Telecentres in Uganda do not appeal to rural women
Par LC pour APCNews
CALGARY, Canada, 21 January 2010
In rural Uganda, telecentres that have been established to promote rural access to information and foster development are not getting the results they had hoped for. An evaluation of telecentres by the Acacia programme in South Africa revealed that women consistently make up less than one-third of telecentre users, even when female staff and materials that target women are made available.
Seeking to understand why this is so, UgaBYTES, a Uganda-based NGO that works to promote access to ICTs in rural East Africa, conducted a study over seven months in two rural telecentres – the Buwama Community Multimedia Centre and the Kawolo telecentre – using and adapting the Gender Evaluation Methodology (GEM), a tool that was created by the Association for Progressive Communication’s Women’s Networking Support Programme (APC WNSP). The goal of the evaluation was to gain a better understanding if the telecentre services were at all meeting the different needs of women and men.
UgaBYTES found that because technologies are socially constructed, they have different impacts on women and men. Beyond the common obstacles to access like technical infrastructure, connection costs and computer literacy, women face numerous additional barriers to accessing ICTs.
Men and women seek information that is unavailable
The evaluation revealed that often, the different types of information needed by men and women were not available in the telecentres, and that the telecentres lacked disaggregated content, meaning there was no gender-specific content. Disaggregated content is essential in promoting internet access and telecentre use for both men and women, because the two groups were found to have different needs.
How was the information women were after different? Using GEM, UgaBYTES found that women were looking for information on:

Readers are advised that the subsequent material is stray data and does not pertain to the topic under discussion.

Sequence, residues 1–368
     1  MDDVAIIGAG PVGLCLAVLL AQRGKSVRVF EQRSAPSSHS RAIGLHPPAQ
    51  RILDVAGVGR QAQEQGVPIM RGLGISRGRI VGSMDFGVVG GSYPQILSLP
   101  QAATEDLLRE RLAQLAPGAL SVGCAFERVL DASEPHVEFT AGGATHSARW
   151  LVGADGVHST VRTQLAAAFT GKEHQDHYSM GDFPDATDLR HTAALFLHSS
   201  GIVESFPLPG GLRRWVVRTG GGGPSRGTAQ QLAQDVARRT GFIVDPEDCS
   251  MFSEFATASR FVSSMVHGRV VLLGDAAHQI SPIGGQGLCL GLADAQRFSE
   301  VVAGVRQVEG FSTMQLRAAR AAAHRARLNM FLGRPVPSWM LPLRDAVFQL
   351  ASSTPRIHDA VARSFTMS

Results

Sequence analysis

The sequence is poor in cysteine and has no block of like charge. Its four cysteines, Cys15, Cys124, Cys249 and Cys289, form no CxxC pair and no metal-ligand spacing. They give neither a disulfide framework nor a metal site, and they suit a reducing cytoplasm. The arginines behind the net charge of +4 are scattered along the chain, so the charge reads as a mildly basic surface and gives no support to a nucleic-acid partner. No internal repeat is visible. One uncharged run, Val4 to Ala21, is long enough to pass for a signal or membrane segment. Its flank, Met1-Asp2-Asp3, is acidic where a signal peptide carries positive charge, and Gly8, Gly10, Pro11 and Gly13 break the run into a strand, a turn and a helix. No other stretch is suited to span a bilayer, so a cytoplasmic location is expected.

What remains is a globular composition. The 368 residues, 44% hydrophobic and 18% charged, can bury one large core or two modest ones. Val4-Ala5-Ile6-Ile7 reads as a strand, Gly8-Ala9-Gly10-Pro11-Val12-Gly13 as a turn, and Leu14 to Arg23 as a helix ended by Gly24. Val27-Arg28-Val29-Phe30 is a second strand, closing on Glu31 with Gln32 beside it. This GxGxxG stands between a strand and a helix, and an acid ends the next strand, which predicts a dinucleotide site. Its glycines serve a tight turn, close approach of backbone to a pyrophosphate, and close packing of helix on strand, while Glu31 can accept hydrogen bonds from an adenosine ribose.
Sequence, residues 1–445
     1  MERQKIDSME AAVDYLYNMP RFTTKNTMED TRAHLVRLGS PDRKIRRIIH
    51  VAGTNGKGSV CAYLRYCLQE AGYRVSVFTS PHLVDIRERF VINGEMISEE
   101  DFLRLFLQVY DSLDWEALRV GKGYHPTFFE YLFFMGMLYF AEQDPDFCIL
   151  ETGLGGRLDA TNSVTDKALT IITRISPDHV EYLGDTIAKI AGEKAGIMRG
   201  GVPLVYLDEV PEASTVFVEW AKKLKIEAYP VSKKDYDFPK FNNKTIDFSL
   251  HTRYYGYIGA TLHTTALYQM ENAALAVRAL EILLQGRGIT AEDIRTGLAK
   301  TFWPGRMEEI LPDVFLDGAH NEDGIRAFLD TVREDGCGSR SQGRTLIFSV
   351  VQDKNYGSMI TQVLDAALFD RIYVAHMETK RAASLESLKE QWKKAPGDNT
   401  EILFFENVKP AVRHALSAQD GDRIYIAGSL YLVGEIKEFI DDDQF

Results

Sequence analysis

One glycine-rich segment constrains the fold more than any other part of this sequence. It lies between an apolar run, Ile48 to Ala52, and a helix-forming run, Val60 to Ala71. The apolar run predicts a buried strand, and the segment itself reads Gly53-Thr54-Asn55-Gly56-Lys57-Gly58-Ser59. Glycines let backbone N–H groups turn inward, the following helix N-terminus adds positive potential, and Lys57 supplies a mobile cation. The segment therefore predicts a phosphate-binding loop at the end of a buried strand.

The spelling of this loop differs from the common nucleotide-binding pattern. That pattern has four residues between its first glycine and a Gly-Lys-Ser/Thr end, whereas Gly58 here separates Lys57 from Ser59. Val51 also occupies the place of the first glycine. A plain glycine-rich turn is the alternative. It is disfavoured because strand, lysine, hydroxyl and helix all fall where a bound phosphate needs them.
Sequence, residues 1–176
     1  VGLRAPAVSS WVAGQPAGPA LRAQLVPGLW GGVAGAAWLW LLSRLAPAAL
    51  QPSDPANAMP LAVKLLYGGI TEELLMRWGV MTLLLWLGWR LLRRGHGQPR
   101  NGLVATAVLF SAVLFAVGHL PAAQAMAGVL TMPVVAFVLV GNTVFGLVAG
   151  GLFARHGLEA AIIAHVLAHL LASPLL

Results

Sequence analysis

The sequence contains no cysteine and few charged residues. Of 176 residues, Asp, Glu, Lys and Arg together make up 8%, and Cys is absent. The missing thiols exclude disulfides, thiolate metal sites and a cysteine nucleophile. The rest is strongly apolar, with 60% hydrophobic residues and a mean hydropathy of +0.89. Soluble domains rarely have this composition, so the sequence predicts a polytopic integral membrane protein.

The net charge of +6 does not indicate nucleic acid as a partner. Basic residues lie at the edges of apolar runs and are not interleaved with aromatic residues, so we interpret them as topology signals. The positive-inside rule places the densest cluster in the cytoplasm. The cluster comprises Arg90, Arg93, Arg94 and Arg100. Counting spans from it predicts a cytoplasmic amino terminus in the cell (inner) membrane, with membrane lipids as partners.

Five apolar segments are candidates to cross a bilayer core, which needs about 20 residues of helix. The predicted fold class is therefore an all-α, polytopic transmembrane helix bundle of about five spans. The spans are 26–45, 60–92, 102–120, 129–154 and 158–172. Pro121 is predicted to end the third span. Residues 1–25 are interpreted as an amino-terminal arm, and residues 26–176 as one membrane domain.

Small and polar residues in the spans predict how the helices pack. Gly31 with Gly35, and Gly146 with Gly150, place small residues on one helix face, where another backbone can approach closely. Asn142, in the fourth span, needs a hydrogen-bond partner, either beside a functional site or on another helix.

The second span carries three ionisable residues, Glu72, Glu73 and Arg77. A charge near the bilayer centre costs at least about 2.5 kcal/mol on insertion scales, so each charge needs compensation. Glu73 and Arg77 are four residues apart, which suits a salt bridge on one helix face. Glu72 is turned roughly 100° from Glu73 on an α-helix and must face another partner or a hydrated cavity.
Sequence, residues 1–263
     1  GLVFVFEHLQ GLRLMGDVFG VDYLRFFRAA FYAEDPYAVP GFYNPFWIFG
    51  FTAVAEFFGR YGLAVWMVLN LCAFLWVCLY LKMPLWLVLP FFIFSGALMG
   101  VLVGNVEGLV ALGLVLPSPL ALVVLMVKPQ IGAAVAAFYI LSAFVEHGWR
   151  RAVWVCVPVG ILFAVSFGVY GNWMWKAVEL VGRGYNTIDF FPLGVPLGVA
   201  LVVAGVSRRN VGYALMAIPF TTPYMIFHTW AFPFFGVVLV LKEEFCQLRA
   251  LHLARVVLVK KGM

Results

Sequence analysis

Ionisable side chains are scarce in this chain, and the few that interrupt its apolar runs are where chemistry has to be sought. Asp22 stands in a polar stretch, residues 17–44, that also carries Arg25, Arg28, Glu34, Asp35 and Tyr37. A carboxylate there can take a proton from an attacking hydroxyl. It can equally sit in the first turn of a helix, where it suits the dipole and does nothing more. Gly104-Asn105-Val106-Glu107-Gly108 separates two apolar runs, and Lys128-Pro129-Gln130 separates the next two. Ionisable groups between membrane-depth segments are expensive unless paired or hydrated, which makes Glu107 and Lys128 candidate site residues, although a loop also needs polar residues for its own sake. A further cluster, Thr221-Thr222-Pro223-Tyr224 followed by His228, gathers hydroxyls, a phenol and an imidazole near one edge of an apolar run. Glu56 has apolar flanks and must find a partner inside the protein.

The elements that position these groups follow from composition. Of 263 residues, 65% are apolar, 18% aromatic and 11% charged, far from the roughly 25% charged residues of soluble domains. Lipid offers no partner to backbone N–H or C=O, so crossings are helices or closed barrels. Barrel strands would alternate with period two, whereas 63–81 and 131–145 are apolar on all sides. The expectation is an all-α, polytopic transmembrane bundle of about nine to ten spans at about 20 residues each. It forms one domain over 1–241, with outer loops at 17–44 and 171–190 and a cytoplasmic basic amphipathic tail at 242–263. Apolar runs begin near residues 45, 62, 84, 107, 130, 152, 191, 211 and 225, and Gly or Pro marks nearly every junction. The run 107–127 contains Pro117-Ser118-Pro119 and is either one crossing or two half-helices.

- Health, including HIV and Aids
- counselling and guidance
- business skills
- small business scheme for additional income
- bursaries for those who cannot afford tuition fees
- vocational training for school dropouts and careers guidance
- organisations that provide skills and experiences on how to manage people with disabilities in the community, and
- food security.
Men on the other hand, searched for information on politics, economics and business, but because the information was often not available, women returned to their chores whereas men stayed and played computer games, using the telecentres for entertainment. Women often did not return if the information they were looking was not available the first time.
UgaBYTES also found that the content visitors was looking for was often too complicated to use, unavailable or outdated. Materials that had been borrowed from the Buwama library had never been returned and the only computer connected to the internet was very slow and largely used by telecentre staff, radio staff and volunteers for work. “The books on specific areas in agriculture for example, better methods of agricultural farming which includes cassava, maize and rearing animals are no more because those who borrowed the books never returned them to the library,” said local farmer Nassozi Goretti.
Women also did not visit the telecentres because they were simply not aware of the information that was there. The women felt that information should have been posted on the notice board of their parish, rather than the telecentre which is too far away, since parishes in Uganda are a place of social and religious gathering for communities as well as for diffusing information. “Continue reading this article”:http://www.genderevaluation.net/mygem/news/telecentres_uganda_do_not_appeal_rural_women?1407269383=1